Try mealanie beatty ‘codependent no more’. And attend those meetings. Seriously your life may depend on it.

    Take care of yourself x

  • Ann

    Hi Lauren,
    So you love an alcoholic. It can be difficult. However if you love him and want to stay with him, you need to get to a place of acceptance. Accept him for who he is. Also there is detachment. You need to learn to detach from all that is associated with the disease of alcoholism. You can learn how to do that in Alanon meetings, reading Alanon literature and turning you life and will over to God. You can also get a sponsor in your Alanon group. You will also get lots of love and support.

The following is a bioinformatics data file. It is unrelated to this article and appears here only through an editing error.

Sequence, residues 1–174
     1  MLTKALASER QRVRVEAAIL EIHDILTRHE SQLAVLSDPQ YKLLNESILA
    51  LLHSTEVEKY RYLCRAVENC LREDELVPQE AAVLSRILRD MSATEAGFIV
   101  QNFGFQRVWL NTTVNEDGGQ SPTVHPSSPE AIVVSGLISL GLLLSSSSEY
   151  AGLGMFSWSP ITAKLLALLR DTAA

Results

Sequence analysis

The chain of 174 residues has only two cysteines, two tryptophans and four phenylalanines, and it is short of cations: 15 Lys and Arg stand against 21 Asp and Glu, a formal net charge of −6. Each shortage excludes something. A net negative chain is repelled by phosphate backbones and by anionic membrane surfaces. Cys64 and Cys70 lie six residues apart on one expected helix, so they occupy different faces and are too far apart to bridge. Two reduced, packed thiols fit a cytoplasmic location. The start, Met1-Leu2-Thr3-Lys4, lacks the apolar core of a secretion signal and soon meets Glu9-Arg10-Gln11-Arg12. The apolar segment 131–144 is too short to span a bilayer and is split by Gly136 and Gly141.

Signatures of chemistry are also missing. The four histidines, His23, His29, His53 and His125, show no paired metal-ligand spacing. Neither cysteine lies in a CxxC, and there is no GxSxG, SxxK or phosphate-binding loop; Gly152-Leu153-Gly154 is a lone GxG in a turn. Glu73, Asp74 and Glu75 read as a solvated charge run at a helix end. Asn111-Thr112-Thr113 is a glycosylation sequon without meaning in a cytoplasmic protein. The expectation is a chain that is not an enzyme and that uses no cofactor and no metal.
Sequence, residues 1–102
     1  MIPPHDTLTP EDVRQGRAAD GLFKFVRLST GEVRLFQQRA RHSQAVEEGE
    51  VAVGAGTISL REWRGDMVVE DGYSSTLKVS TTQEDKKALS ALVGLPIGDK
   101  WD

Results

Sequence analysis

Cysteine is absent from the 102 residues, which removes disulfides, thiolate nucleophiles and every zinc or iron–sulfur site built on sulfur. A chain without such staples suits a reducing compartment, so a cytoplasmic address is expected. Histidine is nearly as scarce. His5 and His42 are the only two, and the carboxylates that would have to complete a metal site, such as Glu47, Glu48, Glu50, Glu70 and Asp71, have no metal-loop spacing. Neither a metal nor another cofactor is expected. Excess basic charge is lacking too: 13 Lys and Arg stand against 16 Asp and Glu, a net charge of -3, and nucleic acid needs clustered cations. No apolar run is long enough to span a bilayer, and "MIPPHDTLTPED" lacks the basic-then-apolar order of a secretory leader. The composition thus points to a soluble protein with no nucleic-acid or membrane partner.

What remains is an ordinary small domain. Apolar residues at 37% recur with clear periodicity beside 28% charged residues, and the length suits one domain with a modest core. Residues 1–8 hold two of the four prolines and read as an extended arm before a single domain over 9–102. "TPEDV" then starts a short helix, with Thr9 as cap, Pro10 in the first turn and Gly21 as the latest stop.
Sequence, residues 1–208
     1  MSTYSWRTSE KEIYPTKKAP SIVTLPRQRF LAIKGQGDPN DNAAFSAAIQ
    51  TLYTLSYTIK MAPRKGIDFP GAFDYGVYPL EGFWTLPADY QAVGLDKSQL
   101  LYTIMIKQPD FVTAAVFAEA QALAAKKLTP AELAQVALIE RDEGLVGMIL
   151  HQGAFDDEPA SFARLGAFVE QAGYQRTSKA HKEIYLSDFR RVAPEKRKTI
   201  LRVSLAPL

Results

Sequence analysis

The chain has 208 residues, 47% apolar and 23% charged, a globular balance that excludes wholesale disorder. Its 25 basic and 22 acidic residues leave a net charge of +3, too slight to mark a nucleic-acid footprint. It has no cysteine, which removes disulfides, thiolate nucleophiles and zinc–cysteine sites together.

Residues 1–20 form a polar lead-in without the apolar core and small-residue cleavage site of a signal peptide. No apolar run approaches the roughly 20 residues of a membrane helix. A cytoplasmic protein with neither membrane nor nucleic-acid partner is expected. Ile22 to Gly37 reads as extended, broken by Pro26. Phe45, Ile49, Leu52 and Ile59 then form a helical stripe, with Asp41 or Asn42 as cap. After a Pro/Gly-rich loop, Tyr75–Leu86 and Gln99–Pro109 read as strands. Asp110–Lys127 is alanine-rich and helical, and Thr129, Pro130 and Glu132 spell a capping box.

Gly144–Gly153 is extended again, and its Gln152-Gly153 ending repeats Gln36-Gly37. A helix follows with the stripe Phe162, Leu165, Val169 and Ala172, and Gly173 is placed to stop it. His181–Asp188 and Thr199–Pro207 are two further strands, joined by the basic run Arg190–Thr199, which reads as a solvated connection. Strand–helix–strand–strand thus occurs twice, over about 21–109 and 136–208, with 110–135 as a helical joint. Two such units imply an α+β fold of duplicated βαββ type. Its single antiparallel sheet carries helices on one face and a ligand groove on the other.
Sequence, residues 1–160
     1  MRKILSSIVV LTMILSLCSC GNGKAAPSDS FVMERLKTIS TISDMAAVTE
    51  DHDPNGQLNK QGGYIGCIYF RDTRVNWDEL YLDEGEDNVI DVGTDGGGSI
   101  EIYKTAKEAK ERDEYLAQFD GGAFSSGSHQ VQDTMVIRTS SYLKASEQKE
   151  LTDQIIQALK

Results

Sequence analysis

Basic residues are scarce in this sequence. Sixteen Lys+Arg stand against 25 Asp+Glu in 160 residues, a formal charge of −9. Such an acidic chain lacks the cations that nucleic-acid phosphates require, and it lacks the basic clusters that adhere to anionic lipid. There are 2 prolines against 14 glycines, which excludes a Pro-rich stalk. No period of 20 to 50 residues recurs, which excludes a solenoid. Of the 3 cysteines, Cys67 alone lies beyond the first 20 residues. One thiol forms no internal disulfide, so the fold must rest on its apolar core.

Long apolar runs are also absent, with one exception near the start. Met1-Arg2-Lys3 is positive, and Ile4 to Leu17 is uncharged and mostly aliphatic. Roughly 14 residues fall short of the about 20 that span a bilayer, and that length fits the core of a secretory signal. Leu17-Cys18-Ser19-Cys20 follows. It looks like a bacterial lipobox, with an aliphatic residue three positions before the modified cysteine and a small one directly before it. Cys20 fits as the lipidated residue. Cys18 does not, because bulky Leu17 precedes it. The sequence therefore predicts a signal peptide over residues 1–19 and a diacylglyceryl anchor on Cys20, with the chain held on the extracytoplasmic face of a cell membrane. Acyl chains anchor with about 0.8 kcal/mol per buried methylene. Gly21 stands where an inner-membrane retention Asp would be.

An alcoholic or addict has to get to a place where he or she wants sobriety. You cannot force a person to seek sobriety. Force may make things worst. Take your focus off the alcoholic. Focus on yourself. enjoy your work, family, friends, exercise, have hobbies and pray. NO ONE SHOULD TELL ANYONE WHAT TO DO IN AN ALCOHOLIC RELATIONSHIP. However, I would like you to be aware that, he is only your boyfriend. You are not married to this man and hence there is no lifetime commitment. Therefore, you will not don anything wrong if you left the relationship.

  • Tony

    I learned my lesson through being married to someone who slowly turned into an addict. As I look back on all of the late nights I spent highly upset, mostly because she was out on the town until the wee hours of the morning (sometimes not coming home at all), I will never, ever again try to stay with someone who has no regard for me or the relationship, NEVER AGAIN…So as so many have expressed here, you can go to Al-non and learn how to live with your partner constantly putting you second and third in relation to his addiction and addict friends or get out.